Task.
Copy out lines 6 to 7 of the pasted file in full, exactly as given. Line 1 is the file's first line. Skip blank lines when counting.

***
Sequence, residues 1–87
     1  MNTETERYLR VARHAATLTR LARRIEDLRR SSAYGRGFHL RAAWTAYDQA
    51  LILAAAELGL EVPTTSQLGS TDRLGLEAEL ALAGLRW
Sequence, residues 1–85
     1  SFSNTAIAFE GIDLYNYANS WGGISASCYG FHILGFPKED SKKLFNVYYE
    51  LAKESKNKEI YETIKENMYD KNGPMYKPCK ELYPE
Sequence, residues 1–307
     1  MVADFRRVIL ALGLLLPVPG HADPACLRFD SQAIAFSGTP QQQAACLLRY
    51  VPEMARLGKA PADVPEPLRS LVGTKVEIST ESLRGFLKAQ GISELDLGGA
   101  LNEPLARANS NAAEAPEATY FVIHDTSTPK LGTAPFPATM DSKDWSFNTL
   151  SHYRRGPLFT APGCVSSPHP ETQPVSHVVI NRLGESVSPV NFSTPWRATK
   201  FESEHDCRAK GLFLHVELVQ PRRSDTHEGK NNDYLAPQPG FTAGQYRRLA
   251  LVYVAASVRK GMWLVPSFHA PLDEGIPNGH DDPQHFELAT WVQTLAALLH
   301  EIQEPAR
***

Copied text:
    51  LAKESKNKEI YETIKENMYD KNGPMYKPCK ELYPE
Sequence, residues 1–307